The Jews, who have been given the law, will be judged by the law.  What must they do to keep the law?  That is the question Paul answers in verse 13.

For not the hearers of the law are just before God, but the doers of the law shall be justified.

They have to be doers of the law!  How much of the law?  Will they be OK if they keep 90% of it?  How about 99% of it?  James gives us a clear answer.

10For whosoever shall keep the whole law, and yet offend in one point, he is guilty of all.

Unless one keeps the whole law they are guilty of breaking it all.  Can anyone keep the whole law?  Can anyone stop sinning?  Paul tells us just a few verses later in Romans Chapter 3 that the answer is clearly no.

10As it is written, There is none righteous, no, not one: 11 There is none that understandeth, there is none that seeketh after God. 12 They are all gone out of the way, they are together become unprofitable; there is none that doeth good, no, not one.  13 Their throat is an open sepulchre; with their tongues they have used deceit; the poison of asps is under their lips:  14 Whose mouth is full of cursing and bitterness:  15 Their feet are swift to shed blood: 16 Destruction and misery are in their ways: 17 And the way of peace have they not known: 18 There is no fear of God before their eyes. 19 Now we know that what things soever the law saith, it saith to them who are under the law: that every mouth may be stopped, and all the world may become guilty before God.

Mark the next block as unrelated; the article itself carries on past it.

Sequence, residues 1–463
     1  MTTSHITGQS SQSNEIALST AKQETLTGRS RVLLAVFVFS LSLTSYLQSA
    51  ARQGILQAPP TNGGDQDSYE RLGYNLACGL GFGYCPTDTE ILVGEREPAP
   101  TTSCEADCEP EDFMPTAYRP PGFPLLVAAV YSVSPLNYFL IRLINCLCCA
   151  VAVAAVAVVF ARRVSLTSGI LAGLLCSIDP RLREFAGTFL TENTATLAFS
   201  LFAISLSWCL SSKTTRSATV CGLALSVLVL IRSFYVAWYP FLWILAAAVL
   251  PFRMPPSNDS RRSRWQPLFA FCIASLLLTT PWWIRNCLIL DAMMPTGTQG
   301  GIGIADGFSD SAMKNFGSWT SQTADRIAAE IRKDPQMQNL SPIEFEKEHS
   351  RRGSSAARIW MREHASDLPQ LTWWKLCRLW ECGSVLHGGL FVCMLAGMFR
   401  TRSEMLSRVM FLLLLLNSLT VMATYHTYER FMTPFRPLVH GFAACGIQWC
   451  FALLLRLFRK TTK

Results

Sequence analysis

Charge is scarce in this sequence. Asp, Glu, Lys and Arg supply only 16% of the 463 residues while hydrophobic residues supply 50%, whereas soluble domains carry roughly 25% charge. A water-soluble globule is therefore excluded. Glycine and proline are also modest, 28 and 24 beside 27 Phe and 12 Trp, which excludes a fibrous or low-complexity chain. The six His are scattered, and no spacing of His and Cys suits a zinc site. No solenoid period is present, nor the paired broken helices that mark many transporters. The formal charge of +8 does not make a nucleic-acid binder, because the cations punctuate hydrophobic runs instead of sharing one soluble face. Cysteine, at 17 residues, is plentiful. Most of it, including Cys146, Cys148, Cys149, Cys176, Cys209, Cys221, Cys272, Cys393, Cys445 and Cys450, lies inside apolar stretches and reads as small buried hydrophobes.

The next verse is one of my favorites because it tells us what the purpose of the law is.

20 Therefore by the deeds of the law there shall no flesh be justified in his sight: for by the law is the knowledge of sin.

The purpose of the law is to convict us of how bad we really are.  No one can keep all the commandments.  No one is perfect.  The law acts a perfect mirror to tell us just how bad we are and in 3:9 Paul tells us the state that we are all in.

“we have before proved both Jews and Gentiles, that they are all under sin”.

So what are we to do?  Can we ever get out of this situation?  Fortunately in 3:23-28 Paul gives us the most glorious answer:

21But now the righteousness of God without the law is manifested, being witnessed by the law and the prophets;  22Even the righteousness of God which is by faith of Jesus Christ unto all and upon all them that believe: for there is no difference:  23For all have sinned, and come short of the glory of God;  24Being justified freely by his grace through the redemption that is in Christ Jesus25Whom God hath set forth to be a propitiation through faith in his blood, to declare his righteousness for the remission of sins that are past, through the forbearance of God;  26To declare, I say, at this time his righteousness: that he might be just, and the justifier of him which believeth in Jesus.  27Where is boasting then? It is excluded. By what law? of works? Nay: but by the law of faith.  28Therefore we conclude that a man is justified by faith without the deeds of the law. (Emphasis mine)